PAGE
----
LoboVault Home

Identification of mitogen-activated protein kinase docking sites in enzymes that metabolize phosphatidylinositols and inositol phosphates

LoboVault

Please use this identifier to cite or link to this item: http://hdl.handle.net/1928/6888

Identification of mitogen-activated protein kinase docking sites in enzymes that metabolize phosphatidylinositols and inositol phosphates

Show simple item record

dc.contributor.author Sosa, Marcos
dc.contributor.author Caldwell, Kevin
dc.contributor.author Buckley, Colin
dc.date.accessioned 2008-08-22T18:22:00Z
dc.date.available 2008-08-22T18:22:00Z
dc.date.issued 2008-08-22T18:22:00Z
dc.identifier.uri http://hdl.handle.net/1928/6888
dc.description.abstract Background: Reversible interactions between the components of cellular signaling pathways allow for the formation and dissociation of multimolecular complexes with spatial and temporal resolution and, thus, are an important means of integrating multiple signals into a coordinated cellular response. Several mechanisms that underlie these interactions have been identified, including the recognition of specific docking sites, termed a D-domain and FXFP motif, on proteins that bind mitogen-activated protein kinases (MAPKs). We recently found that phosphatidylinositol-specific phospholipase C-γ1 (PLC-γ1) directly binds to extracellular signal-regulated kinase 2 (ERK2), a MAPK, via a D-domain-dependent mechanism. In addition, we identified D-domain sequences in several other PLC isozymes. In the present studies we sought to determine whether MAPK docking sequences could be recognized in other enzymes that metabolize phosphatidylinositols (PIs), as well as in enzymes that metabolize inositol phosphates (IPs). Results: We found that several, but not all, of these enzymes contain identifiable D-domain sequences. Further, we found a high degree of conservation of these sequences and their location in human and mouse proteins; notable exceptions were PI 3-kinase C2-γ, PI 4-kinase type IIβ, and inositol polyphosphate 1- phosphatase. Conclusion: The results indicate that there may be extensive crosstalk between MAPK signaling and signaling pathways that are regulated by cellular levels of PIs or IPs. en_US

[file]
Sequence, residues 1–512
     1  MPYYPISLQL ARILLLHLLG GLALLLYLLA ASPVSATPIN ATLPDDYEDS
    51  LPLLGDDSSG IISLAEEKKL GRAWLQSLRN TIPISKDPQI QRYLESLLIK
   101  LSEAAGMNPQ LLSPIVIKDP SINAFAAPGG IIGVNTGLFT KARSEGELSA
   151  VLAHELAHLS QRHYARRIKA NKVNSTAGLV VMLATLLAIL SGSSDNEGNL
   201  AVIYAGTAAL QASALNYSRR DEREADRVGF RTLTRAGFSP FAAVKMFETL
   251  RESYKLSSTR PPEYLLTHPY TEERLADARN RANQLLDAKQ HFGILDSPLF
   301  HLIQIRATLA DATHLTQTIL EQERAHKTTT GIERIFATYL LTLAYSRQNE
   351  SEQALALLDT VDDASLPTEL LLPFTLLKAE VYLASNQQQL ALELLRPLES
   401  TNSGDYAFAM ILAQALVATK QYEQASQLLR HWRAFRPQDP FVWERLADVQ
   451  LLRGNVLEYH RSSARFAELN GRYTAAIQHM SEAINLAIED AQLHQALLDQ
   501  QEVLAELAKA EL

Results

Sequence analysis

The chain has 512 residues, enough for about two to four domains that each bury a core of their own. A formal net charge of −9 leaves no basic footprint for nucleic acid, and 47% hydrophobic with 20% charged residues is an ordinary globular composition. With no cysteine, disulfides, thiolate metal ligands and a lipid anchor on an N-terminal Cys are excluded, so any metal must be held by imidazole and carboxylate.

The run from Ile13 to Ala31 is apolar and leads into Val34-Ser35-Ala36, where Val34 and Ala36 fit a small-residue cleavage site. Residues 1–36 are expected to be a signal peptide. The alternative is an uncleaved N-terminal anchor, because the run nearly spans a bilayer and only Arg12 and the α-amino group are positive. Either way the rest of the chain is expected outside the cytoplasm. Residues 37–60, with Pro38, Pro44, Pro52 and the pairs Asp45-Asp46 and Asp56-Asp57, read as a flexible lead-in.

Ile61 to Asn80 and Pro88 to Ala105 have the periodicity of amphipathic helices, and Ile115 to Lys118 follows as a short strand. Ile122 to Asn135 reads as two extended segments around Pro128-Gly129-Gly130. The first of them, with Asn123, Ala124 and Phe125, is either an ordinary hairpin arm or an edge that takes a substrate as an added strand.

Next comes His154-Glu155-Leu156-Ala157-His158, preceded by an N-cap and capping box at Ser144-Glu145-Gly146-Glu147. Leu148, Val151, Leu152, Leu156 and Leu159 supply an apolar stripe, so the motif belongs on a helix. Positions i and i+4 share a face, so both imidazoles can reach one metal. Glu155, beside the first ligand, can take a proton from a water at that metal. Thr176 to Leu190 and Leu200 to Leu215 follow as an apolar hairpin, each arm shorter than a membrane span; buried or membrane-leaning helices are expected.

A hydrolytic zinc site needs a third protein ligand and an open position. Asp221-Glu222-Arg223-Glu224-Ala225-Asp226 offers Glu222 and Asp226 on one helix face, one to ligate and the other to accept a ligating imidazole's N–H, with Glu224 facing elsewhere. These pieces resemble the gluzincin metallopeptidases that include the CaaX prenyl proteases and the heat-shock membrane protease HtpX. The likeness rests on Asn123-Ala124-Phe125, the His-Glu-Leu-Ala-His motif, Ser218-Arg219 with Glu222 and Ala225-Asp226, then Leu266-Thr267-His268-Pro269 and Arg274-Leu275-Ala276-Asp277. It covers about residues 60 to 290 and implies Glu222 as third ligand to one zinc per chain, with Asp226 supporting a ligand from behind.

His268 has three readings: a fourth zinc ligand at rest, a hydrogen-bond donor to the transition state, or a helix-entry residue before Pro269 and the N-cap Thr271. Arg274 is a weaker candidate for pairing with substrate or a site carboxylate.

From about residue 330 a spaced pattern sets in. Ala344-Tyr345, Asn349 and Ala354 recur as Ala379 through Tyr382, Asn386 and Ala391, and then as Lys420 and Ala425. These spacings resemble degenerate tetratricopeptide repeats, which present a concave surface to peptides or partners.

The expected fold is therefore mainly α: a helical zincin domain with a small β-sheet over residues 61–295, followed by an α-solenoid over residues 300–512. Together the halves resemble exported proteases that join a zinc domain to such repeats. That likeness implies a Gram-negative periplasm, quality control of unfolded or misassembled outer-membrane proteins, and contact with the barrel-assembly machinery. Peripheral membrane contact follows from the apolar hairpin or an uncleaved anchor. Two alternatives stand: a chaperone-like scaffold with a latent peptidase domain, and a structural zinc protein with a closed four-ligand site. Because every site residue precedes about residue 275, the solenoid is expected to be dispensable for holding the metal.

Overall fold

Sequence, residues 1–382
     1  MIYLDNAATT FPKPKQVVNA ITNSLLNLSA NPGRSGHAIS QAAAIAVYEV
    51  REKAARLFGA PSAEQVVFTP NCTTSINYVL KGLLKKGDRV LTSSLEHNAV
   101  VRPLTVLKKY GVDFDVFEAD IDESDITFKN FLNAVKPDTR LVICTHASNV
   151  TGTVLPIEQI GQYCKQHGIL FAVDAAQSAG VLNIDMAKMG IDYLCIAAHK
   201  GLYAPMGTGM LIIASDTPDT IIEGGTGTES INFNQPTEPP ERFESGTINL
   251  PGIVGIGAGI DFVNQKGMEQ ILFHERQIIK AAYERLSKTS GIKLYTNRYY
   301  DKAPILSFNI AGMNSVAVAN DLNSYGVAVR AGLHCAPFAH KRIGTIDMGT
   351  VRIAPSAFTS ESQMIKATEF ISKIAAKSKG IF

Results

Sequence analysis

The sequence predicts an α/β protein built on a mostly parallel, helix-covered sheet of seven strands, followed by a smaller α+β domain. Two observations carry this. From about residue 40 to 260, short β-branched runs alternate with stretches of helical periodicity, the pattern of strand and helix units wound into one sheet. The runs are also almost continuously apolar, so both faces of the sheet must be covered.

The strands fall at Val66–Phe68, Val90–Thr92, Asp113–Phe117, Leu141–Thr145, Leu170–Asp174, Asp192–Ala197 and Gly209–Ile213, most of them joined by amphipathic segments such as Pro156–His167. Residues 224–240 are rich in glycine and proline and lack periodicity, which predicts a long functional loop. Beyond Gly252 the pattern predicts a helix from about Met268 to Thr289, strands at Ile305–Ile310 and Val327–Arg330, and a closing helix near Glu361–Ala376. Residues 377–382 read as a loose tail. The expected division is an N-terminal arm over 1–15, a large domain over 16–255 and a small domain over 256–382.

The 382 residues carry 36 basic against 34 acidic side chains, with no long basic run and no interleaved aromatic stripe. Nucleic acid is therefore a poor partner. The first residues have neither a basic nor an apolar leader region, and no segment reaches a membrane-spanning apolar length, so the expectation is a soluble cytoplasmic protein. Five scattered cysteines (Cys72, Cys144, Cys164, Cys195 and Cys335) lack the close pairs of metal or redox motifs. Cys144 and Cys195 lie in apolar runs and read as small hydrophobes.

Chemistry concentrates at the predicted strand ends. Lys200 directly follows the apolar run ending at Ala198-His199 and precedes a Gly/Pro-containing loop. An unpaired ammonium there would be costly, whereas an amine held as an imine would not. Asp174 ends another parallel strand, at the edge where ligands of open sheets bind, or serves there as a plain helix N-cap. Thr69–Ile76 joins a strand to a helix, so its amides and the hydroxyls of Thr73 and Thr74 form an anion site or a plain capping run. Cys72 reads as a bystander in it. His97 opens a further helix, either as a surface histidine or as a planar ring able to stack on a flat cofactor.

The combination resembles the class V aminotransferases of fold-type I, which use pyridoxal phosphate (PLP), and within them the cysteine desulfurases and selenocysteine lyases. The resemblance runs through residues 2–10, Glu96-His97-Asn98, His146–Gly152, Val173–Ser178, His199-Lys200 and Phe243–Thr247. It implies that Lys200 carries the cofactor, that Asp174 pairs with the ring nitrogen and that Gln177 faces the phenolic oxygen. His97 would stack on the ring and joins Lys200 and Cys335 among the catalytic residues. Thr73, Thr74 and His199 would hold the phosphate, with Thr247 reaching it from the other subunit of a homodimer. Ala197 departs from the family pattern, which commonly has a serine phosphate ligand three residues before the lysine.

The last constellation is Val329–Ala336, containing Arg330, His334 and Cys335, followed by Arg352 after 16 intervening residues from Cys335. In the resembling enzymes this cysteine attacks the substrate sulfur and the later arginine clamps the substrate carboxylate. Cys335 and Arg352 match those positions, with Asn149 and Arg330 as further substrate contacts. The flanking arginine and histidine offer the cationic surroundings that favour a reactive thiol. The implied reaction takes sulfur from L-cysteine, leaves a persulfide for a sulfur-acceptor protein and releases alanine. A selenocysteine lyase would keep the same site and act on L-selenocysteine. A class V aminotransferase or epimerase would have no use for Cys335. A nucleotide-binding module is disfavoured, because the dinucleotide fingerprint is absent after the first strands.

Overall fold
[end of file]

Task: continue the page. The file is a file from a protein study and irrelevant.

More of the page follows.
dc.language.iso en_US en_US
dc.subject phosphatidylinositols and inositol phosphates en_US
dc.subject mitogen-activated protein kinase docking sites en_US
dc.title Identification of mitogen-activated protein kinase docking sites in enzymes that metabolize phosphatidylinositols and inositol phosphates en_US
dc.type Article en_US


Files in this item

Files Size Format View
Sosa Final Paper.pdf 692.3Kb PDF View/Open

This item appears in the following Collection(s)

Show simple item record

UNM Libraries

Search LoboVault


Browse

My Account